Final Teaching Reflection

It’s the last day of school. I sent my students videos as a goodbye, making sure to place my bi pride flag and women of Wakanda poster in the background. Even though I won’t be going back to that school, I wanted to remind my students what I stand for–inside and outside of the classroom.

At this moment, I don’t have much positive to say about the education system. I’ve felt isolated and crushed over the past year as a teacher trying to connect my students to the land they live on, the places they come from, and what the world could be. I’ve been fighting a system of erasure at every step, and I’ve felt it. I believe in education as a tool now more than ever. But my hope in reform for education–as low as it was before–has all but vanished.

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Teaching Reflection: Week 20/21

Negotiated syllabus: I love the negotiated syllabus because it makes me (and hopefully my students) so intentional.

Shout out to the critical crew at the University of Hawaiʻi, Second Language Studies department: I felt really comfortable scaffolding activities to help students contribute to making the syllabus There’s a lot that we had no choice on (county requirements), but I was surprised by how much they bought into deciding things like expectations for themselves and specific things they want to learn about. I feel a lot of more comfortable in planning lessons since I’ve surveyed them on how they want to learn.

Watching students develop: It’s also been interesting seeing them hit different points of puberty/maturity. The 6th graders are starting to develop attitudes, the 7th graders are getting bigger attitudes, the 8th graders are becoming teenagers. It’s making me thinking more about myself in middle school.

Other thoughts: I’m feeling more energized by the start of the third quarter. I feel like the second was a lot about surviving. I feel like I’m beginning to emerge from the weight of everything that’s been put on me. I’m just hoping I can keep some of that as February/March/April go on.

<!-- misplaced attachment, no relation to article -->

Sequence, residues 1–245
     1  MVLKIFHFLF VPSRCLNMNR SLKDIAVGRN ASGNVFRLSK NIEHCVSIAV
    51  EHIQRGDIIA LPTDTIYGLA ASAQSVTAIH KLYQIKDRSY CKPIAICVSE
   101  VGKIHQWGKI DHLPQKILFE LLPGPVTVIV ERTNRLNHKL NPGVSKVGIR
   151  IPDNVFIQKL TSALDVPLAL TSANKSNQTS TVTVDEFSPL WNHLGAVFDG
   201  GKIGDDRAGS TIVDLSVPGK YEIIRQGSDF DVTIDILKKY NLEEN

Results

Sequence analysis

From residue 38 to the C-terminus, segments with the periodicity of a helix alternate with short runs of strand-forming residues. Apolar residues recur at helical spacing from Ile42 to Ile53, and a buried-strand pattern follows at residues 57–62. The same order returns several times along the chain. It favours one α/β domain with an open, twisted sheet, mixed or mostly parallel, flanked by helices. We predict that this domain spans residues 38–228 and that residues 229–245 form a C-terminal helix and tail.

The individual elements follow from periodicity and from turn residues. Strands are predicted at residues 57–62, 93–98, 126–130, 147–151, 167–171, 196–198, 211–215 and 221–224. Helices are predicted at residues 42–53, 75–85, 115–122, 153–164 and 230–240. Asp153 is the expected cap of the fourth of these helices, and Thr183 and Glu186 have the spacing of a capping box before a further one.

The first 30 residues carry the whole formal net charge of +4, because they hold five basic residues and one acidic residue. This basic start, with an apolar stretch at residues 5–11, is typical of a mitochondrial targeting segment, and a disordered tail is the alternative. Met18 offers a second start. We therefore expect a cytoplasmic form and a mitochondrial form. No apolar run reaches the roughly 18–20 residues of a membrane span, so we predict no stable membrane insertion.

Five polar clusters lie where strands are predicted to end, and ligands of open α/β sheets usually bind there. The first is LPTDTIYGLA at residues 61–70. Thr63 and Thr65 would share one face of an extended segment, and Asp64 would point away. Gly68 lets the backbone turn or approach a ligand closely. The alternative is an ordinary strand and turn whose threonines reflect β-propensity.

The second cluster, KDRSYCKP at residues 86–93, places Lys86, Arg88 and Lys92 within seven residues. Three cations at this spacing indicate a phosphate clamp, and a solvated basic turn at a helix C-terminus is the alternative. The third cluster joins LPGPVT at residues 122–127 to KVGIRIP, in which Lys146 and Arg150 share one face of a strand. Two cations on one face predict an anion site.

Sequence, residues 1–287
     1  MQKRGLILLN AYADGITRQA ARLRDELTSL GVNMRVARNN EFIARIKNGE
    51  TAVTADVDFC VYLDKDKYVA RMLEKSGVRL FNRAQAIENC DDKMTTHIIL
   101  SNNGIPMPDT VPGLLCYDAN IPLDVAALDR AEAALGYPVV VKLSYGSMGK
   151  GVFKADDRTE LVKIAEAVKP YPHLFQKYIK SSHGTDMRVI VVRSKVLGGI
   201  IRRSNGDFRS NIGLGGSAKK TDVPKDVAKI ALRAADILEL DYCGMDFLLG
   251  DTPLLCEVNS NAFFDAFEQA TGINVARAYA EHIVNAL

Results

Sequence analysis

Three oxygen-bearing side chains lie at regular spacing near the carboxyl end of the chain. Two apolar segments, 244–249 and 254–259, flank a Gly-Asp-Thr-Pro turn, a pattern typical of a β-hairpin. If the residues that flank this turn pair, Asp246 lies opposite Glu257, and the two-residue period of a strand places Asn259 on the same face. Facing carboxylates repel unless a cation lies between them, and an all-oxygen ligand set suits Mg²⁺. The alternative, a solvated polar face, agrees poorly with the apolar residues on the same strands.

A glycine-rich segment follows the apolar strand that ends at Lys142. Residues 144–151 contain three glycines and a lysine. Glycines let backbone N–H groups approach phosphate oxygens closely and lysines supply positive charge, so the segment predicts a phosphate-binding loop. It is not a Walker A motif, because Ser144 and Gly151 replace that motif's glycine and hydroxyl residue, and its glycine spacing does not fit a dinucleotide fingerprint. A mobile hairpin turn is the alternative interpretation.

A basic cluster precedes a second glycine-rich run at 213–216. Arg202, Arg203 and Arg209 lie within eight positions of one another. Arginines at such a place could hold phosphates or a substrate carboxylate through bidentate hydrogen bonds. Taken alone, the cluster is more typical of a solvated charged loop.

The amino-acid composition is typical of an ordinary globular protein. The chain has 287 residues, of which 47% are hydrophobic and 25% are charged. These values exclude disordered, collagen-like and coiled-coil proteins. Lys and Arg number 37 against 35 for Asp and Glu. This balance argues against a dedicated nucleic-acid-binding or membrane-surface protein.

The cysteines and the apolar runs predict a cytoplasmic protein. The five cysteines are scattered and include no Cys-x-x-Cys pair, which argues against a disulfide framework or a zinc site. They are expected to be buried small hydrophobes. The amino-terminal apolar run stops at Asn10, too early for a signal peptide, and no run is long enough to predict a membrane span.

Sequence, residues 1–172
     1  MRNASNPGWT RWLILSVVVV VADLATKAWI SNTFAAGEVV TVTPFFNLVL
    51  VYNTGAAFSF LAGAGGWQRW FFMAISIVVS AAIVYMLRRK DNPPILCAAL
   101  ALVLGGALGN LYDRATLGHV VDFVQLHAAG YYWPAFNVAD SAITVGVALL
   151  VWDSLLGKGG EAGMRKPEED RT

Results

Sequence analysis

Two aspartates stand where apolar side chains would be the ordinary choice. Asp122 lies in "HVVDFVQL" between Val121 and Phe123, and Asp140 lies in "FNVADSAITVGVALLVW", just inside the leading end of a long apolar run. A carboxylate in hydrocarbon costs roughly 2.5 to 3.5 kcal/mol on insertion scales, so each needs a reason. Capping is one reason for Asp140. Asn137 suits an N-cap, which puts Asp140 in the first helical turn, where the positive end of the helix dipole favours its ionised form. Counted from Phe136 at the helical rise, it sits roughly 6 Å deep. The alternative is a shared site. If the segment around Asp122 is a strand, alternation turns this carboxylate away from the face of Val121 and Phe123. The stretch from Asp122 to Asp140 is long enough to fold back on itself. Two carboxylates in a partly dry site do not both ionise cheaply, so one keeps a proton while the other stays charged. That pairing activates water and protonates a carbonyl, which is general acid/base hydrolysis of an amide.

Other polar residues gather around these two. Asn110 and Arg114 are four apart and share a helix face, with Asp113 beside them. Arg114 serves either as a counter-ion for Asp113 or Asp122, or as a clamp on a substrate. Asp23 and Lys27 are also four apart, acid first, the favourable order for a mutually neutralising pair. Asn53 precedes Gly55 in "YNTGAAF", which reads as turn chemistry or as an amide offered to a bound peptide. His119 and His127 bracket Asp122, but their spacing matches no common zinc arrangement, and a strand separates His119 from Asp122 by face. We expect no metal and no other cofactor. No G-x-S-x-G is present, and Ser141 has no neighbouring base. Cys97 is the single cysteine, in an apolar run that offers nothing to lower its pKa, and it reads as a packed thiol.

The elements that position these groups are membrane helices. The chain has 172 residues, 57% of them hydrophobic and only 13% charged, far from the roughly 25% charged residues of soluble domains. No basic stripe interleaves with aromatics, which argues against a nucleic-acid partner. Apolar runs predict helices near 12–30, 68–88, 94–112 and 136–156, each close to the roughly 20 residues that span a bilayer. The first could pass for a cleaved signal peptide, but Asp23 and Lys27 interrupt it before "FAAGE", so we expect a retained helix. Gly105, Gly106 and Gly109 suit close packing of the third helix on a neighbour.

Also have started showing my kids “The Hunchback of Notre Dame” and they are HOOKED.

Teaching Reflection: Week 16/17

Having time away from work has been such a huge blessing. I’ve gotten time to re-evaluate who I am as a person, and thus who I want to be as an educator.

I plan on finishing out this quarter focusing on getting the students ready for their Quarterly Assessments. I’m honestly happy to be running on autopilot for this month, essentially.

For the 2nd semester/ 3rd and 4th quarter, I plan on starting with a negotiated syllabus. The students know enough about French and general expectations to have more say in how they want to work towards the last half of the year.

Honestly, that’s one of the few things I’m excited about in this job. I’m still figuring things out, but my general thinking going into 2020 is that I can’t let the system of public education make me forget that I matter.

Teaching Reflection: Week 13

I need to detach myself from the weight of testing and quantitative data.

I have 2 purposes (for myself) as a teacher. They are coexistent but don’t have to relate to each other–

  1. Engage my students in critically analyzing their world.
  2. Develop their French proficiency according to standards set by the county.

The second is *secondary* and while it is important, I need to work on stressing myself over it less. For my personal sanity, I cannot invest so much into a purpose I don’t believe in.

Outside of my issues with teaching a colonial language, language learning is a natural and cultural process. It shouldn’t be packaged and commodified to demonstrate intelligence/value. And that’s exactly what our education system does.

I don’t have a choice in my being inside of this system. But I can continue to work to distance myself from it, and towards one that does not seek to crush me or my students.

I can choose to not willingly take oppression home with me.

Teaching Reflection: Week 11

    1. Decolonial pedagogy: We’ve been talking about Canadian residential schools in my 8th grade classes and the students have been a lot more interested and reactionary than I thought they would. Curiosity, anger, questions about whether it happened in the U.S. Assimilation and contemporary connections to immigration. This all engaged students who I never would’ve thought would care.
    2. Pre-made second language critical lesson plans: SO THANKFUL to all the people who have created critical lesson plans (especially the ones I found in French). Lesson-planning is already so much work. So those who are doing that critical work–especially in languages other than English–PLEASE KEEP DOING IT (and make your materials accessible online). I want to at some point put my own lessons online, after I have time to revise them and provide detailed instructions.

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